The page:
A ‘New York’ magazine story profiles the women, whose stories are startlingly similar and span decades.
Thirty-five women who allege they were sexually assaulted by U.S. comedian Bill Cosby were united Monday on a magazine cover to tell startlingly similar stories of abuse. They include models, waitresses, Playboy bunnies and women who used to work in show business. One says he raped her while she was grief stricken over the recent death of her six-year-old son.
Cosby, a pioneering African-American comedian who played a beloved family doctor on the hit 1980s sitcom The Cosby Show, has become a pariah in the wake of the snowballing scandal.
The New York magazine cover story is the largest expose yet of alleged abuse from nearly 50 women who have publicly accused Cosby of assault from the 1960s to 1996 across the United States. Despite being interviewed separately, many of their stories are startlingly similar: that the famed comedian drugged them, then assaulted or raped them while they were barely conscious.
“Each story is awful in its own right. But the horror is multiplied by the sheer volume of seeing them together,” the magazine wrote.
New York photographed and interviewed each woman separately in a project that was six months in the making before the stories were uploaded on the web edition late Sunday. In all 46 women have publicly accused the 78-year-old of rape or sexual assault.
Many of the 35 in this week’s magazine story say they know of others still out there who have chosen to remain silent.
Victoria Valentino, a 72-year-old former Playboy bunny, was allegedly assaulted in 1969 when Cosby took her and a friend to a steak restaurant not long after her young son had died. She told the magazine that Cosby gave her and her friend pills that would make her “feel better” but instead left her fighting nausea and her friend “completely unconscious.”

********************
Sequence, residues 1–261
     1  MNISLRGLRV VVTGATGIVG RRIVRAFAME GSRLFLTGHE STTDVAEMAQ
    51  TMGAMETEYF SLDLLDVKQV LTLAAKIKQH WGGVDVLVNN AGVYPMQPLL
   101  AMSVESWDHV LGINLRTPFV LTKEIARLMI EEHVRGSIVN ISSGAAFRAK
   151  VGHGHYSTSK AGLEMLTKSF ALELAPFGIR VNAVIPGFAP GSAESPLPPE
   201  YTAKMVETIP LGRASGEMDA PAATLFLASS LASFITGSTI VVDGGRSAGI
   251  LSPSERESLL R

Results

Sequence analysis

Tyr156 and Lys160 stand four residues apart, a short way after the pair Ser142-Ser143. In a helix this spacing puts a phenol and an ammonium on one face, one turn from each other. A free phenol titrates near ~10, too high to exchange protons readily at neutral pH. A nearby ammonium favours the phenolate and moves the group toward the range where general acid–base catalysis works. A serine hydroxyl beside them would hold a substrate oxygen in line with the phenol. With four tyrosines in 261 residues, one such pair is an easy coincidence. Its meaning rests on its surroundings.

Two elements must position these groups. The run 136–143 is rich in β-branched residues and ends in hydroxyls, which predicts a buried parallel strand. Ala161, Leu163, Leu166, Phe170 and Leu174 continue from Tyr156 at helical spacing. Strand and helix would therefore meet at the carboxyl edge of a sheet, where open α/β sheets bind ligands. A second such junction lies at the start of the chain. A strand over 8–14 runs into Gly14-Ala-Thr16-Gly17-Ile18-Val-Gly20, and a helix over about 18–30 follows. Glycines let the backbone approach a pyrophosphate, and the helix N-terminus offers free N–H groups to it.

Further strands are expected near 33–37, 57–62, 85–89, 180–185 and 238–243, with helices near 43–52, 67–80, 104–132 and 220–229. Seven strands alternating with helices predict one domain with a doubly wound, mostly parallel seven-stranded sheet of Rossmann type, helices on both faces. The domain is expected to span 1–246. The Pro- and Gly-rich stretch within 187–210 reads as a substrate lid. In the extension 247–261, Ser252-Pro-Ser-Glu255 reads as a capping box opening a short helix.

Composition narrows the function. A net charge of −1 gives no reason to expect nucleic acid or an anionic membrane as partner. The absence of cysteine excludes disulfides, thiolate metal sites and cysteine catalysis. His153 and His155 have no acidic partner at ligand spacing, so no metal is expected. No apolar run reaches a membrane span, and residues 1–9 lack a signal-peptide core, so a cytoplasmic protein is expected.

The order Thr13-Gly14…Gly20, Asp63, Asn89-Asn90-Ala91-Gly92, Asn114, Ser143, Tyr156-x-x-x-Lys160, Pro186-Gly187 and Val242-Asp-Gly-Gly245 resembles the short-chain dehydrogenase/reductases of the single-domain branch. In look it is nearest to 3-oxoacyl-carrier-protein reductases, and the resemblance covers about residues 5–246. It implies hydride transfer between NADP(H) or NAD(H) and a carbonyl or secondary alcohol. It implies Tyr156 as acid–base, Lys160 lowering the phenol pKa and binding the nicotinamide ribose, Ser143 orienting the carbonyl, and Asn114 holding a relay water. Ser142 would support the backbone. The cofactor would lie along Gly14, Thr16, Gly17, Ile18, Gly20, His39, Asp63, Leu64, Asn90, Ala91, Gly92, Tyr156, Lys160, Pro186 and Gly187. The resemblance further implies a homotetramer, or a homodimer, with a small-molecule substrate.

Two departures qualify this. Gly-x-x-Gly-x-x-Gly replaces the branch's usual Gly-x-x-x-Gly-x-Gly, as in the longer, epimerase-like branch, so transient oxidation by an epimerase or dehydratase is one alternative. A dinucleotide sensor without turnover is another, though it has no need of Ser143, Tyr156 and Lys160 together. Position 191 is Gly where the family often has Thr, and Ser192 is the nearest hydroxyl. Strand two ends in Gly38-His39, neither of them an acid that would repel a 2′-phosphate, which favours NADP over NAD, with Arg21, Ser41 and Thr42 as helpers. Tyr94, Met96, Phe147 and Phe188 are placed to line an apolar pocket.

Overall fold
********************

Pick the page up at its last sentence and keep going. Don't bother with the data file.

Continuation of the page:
Valentino remembers Cosby sitting next to her friend on a love seat “with this very predatory look on his face.”
“He had me give him oral sex, and then he stood me up, turned me over, did me doggy style and walked out. Just as he got to the door, I said, ‘How do we get out of here, how do we get home?’
“And he said, ‘Call a cab.’”
Joyce Emmons, 70, who managed a comedy club, said she was assaulted in around 1979 after a night out with the star and friends, during which she had asked Cosby for a headache pill. Instead of a Tylenol, Cosby said he had something stronger.
“All I remember is taking the pill,” she told the magazine. When she woke up, she “had no clothes on, and there was Bill’s friend totally naked in bed with me.”
She said Cosby told her he had given her a Quaalude. Emmons said she had been devastated by the behavior of someone she had considered a close friend. “I was hurt with Bill more than angry at his friend. Bill let him take advantage of me. That kills me. That’s why I know the stories of what he did to the other women are true.”
In a lurid 2005 court deposition, Cosby admitted obtaining Quaaludes to have sex with at least one woman, obtaining seven prescriptions for the sedative and giving them to other people.
Last week, Cosby’s lawyer Monique Pressley defended the actor, who has remained almost entirely tight-lipped about the allegations, even as his reputation has been shredded. “The sheer volume, or number of people who are saying a particular thing does not make it true,” she told ABC television.